Work-based training in chemistry
A three or four year science-related degree is not the only route into a career with chemistry. If you are not sure about going to university full time but are interested in pursuing a career in chemistry and gaining qualifications then a work-based qualification or apprenticeship could be for you. Some options are also suitable if you are thinking about retraining for a career in chemistry, or if you did not choose the right subjects or get the grades you needed.
Most work-based qualifications are designed with input from employers, meaning you will develop the skills and knowledge that employers look for in their industry. The combination of a qualification and work experience will also help you stand out to future employers and support your long-term career.
A science-based apprenticeship contains a number of common elements across the UK and Ireland. They are:
You will spend a minimum of 20% of your contracted hours dedicated to off-the-job training, which supports your development in the workplace. This training is typically delivered by an external training provider (private provider, colleage or university) who will support you to develop the knowledge and skills required for the occupation.
Anyone! The entry requirements for work-based qualifications vary by the type of course and the level of study. Some qualifications require at least five GCSEs in chemistry, maths or science at grade C or above, but this varies. There are also no age restrictions. If you have a learning difficulty or disability then in some cases the entry requirements have been adapted so check with your local training provider.
Once you have completed your apprenticeship you will hold a nationally recognised certificate, and in some instances a qualification, employability skills and professional experience. Whichever route you take, you will be able to advance in your career and many apprentices go on to senior roles within their companies.
Progress to the next level - your progression options vary based on where you are based in the UK. In England, Wales and Northern Ireland after you complete your advanced apprenticeship you can look for a higher apprenticeship, and in England you could progress on to a degree or masters level apprenticeship. In Scotland, you can look at a modern or technical apprenticeship. In Ireland, you can progress onto level 7 laboratory analyst apprenticeship.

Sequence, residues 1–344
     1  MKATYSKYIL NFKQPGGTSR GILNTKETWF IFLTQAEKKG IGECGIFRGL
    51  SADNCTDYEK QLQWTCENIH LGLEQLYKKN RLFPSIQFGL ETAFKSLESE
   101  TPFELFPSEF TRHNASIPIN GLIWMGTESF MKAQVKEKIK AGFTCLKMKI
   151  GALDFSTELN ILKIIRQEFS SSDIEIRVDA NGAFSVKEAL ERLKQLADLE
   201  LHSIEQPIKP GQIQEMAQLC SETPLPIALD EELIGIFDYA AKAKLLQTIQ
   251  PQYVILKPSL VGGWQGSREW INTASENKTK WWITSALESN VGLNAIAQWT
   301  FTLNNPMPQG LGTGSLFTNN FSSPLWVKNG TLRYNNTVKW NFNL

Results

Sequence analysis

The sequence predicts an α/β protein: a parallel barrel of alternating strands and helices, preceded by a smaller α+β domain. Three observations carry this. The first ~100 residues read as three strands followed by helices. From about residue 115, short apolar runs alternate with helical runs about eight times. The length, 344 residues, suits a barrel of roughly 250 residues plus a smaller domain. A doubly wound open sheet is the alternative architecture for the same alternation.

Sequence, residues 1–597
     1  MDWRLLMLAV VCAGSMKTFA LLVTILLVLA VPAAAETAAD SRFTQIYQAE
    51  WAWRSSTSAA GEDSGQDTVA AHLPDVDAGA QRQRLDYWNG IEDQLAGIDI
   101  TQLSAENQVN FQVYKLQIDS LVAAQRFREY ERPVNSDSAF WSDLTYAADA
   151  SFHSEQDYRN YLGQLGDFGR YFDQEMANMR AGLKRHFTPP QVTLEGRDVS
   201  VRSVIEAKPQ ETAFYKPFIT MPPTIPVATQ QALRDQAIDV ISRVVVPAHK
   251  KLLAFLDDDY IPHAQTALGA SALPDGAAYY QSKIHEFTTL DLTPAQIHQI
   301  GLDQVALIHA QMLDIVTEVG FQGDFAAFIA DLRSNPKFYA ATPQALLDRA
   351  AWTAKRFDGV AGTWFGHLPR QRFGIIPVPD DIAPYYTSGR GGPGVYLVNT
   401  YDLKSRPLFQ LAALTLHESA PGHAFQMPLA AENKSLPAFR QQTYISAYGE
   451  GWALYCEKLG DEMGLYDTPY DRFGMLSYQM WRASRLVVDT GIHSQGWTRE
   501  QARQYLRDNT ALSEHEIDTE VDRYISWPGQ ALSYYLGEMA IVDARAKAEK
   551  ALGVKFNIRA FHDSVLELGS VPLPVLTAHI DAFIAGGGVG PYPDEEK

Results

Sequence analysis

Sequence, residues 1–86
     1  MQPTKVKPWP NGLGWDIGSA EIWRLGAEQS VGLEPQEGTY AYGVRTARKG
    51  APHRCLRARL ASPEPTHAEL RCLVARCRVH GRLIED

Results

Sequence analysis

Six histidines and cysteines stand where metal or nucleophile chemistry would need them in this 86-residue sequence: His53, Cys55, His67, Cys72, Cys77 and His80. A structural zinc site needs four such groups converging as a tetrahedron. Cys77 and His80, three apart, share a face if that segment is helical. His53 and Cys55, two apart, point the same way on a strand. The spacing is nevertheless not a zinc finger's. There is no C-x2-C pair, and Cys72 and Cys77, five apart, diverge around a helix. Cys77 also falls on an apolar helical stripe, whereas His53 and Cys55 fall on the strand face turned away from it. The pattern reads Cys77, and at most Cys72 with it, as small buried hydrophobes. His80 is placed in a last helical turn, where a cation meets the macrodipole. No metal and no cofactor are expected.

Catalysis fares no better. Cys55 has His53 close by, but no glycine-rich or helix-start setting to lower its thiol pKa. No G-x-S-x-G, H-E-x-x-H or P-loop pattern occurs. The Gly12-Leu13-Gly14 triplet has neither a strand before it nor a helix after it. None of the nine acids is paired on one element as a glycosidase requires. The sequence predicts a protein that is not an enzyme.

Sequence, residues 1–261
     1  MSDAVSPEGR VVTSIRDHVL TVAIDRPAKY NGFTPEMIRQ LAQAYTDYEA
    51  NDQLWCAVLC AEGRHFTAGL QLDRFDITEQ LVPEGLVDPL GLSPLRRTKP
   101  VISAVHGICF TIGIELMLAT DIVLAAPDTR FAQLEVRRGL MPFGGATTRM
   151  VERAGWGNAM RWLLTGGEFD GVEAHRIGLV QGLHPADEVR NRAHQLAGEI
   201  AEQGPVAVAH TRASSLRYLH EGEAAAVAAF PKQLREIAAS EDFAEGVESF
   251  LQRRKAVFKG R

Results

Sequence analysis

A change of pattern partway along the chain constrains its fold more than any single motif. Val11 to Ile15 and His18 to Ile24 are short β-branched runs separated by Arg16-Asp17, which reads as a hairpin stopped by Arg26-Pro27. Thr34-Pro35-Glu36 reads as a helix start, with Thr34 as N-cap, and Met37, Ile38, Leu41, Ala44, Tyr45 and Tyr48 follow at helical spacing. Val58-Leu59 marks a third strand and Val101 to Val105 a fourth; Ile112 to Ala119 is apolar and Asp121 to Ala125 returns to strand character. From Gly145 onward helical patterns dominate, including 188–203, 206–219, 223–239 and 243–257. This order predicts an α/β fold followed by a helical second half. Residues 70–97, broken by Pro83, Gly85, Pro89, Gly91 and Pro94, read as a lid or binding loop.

Keep working in your current role, or find a new job - whether you need to find a new job or can continue in your current role is dependent on the contract you signed. If you signed a permanent contract then you can continue working as you are a permanent member of staff. If you signed a fixed-term contract then you will need to find a new job. Many apprentices go onto working in areas such as polymer processing, process manufacturing, forensics, or science or laboratory technician.
The Registered Science Technician (RSciTech) and Registered Scientist (RSci) professional awards recognise the skills, knowledge and professionalism of working scientists. You will be able to demonstrate your professional standards through the addition of post-nominal letters after your name. In time you may also progress to gain recognition as a Chartered Chemist.
Registered Science Technician (RSciTech) is for advanced apprentices, technicians and technical support staff and is highly regarded. Upon completing your advanced apprenticeship you are eligible to apply for the award. The Registered Scientist (RSci) award is for those working in scientific, higher technical support roles or undertaking a higher apprenticeship. Candidates will typically be qualified to at least Level 5 and will be applying this knowledge to their roles.
Joseph helps ensure there is clean, safe, water for 15 million people in the UK whilst studying towards his chemistry degree
Holly develops new medicines at a global pharmaceutical company, AstraZeneca alongside completing her degree apprenticeship
Rebekka tests and finds ways to improve solar panels whilst balancing her studies towards her Foundation Degree apprenticeship
Christopher uses NMR to identify the structure of new and unknown chemical compounds to support the development of new medicines